Flu Clinics

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Stay healthy and warm this winter!

Each year cold weather and cold homes contribute significantly to excess winter deaths and wider health issues. In 2013/2014 there were an estimated 25,000 excess winter deaths in England and Wales. Some groups, such as older people, very young children and people with serious medical conditions are particularly vulnerable to the effects of cold weather and some of these issues are caused by people living in cold homes.

Snow and ice also cause an increase in falls resulting in injuries which can have a major impact on the quality of life for older and vulnerable people. The wider health issues put pressure on social care services and the NHS. They estimate millions of pounds each year are spent treating preventable cold related illnesses. Cold weather can affect people’s immune systems and aggravate existing long-term conditions, particularly cardiovascular and respiratory illnesses.

The booklet below includes information about saving energy in your home and keeping warm, well and healthy. We aim to promote better health through addressing the issues people face living in cold, damp conditions by improving the energy efficiency and warmth of their homes. This booklet also offers health advice and other practical advice about your home including useful contacts for other relevant agencies.

Helping you stay healthy and warm

What is Flu?

Flu is a highly infectious illness caused by the influenza virus. It spreads quickly through small droplets coughed or sneezed into the air by an flu infected person.

Flu vaccines provide a means of effective protection against the flu, although protection may not be complete and may vary between people. The flu protection that the vaccine offers gradually decreases as flu strains change over time. Therefore, new vaccines are made each year and people at risk of flu are encouraged to be vaccinated every year. At the bottom is a leaflet containg all the people at risk.

The flu vaccination is offered to people in at-risk groups. These people are at greater risk of developing serious complications if they catch flu, such as pregnant women, elderly people, healthcare workers and anyone with long term chronic diseases. 

This winter’s flu jab protects against the same three strains of flu as last year’s vaccines. These include the H1N1 strain of the flu virus with H1N1 being the same strain of flu that caused the 2009 swine flu pandemic. H1N1 is included in the vaccine because it is likely to be one of the major flu strains circulating in Britain this winter.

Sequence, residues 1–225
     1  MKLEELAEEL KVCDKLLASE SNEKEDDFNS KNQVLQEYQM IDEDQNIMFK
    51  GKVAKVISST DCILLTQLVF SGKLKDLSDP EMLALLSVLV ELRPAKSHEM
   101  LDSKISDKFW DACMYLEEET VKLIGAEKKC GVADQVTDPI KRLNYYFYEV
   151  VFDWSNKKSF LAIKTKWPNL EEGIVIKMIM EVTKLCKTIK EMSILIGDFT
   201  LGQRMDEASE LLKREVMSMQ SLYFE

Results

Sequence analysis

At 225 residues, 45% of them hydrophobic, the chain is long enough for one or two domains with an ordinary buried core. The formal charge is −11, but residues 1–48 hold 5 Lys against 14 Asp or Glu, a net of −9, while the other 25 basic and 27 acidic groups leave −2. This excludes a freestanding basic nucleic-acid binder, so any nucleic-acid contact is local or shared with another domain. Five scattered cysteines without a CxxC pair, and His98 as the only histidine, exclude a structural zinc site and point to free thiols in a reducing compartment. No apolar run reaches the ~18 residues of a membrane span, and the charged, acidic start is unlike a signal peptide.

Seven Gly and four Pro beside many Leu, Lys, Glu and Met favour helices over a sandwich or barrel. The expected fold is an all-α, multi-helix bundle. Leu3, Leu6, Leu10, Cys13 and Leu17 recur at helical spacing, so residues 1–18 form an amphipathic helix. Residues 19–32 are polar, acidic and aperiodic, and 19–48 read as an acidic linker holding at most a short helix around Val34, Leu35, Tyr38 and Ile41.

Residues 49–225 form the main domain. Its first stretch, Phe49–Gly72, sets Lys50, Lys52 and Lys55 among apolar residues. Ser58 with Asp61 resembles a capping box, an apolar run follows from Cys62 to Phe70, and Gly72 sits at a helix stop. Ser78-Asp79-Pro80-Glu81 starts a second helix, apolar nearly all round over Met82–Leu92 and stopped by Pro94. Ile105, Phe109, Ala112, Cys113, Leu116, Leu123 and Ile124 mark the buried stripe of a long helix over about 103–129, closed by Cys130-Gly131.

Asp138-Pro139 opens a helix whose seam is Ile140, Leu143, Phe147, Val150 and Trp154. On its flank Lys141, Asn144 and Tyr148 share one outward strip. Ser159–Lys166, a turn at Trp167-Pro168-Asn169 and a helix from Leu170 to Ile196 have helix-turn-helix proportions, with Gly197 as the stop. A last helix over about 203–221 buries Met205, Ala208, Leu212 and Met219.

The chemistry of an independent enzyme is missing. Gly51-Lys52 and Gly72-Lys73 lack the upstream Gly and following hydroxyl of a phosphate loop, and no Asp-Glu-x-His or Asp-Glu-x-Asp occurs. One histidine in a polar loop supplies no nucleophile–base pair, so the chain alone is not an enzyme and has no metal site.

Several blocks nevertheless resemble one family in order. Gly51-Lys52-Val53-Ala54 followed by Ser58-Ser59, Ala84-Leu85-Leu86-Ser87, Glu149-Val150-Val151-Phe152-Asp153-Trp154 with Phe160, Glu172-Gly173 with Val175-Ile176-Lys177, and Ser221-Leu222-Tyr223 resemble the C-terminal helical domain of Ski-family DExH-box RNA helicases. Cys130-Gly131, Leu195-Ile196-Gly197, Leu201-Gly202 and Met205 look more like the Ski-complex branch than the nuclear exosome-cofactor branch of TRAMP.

The best time to have a flu jab is in the autumn, from September to early November

Is this year's vaccine safe?

Although no medical procedure is totally free of risk, flu vaccines are generally very safe. The most common reactions to the jab is a sore arm and you may feel hot for a day or two after the vaccination.

This year’s flu jabs have been tested and approved for use across the UK and in Europe. The jab cannot give you flu because it doesn't contain any active viruses.

The Department of Health recommends that everyone who is eligible for a flu jab should have it as soon as the vaccine is available.

If you are in an at-risk group and do not have the jab, you will have a greater risk of developing serious complications or even dying if you get flu this winter.

If you haven't had the flu vaccine and you are in a risk group, make an appointment to get vaccinated.


Children and the flu vaccine

The Joint Committee on Vaccination and Immunisation (JCVI) has recommended that all children from age 2 to 17 should have the annual influenza vaccination. The vaccine will be given as a nasal spray rather than an injection.

Pneumococcal Vaccination.

Criteria for vaccinating:                                            Contraindications:

- asplenia                                                                   - during acute infections

- sickle cell                                                                 - pregnancy

- coeliac syndrome                                                      - breast feeding mothers

- chronic renal disease                                             - re-immunising within 3 years  of a previous pneumococcal dose.

- immunosuppression                                                 

- chronic heart disease

- chronic lung disease

- chronic liver disease

- cirrhosis

- diabetes mellitus

Taken from the Green Book, DoH, updated December 2010. 


Influenza Vaccination.

Criteria for vaccinating:                                            Contraindications:

- COPD, asthma                                                        - hypersensitivity to hen’s eggs

- chronic heart disease                                              

- chronic renal failure

- chronic liver disease

- chronic neurological disease

- diabetes mellitus

- asplenia

- immunosuppression

- elderly

- carers

- health care workers

- pregnancy

Taken from the Green Book, DoH,  updated 28.09.2011.


Do suffer from...

Asthma? COPD? Diabetes Chronic kidney disease?

Chronic liver disease? Chronic neurological disease?

Are you…

Pregnant? A carer? Healthcare professional?

Then you are entitled to your FREE annual flu jab.

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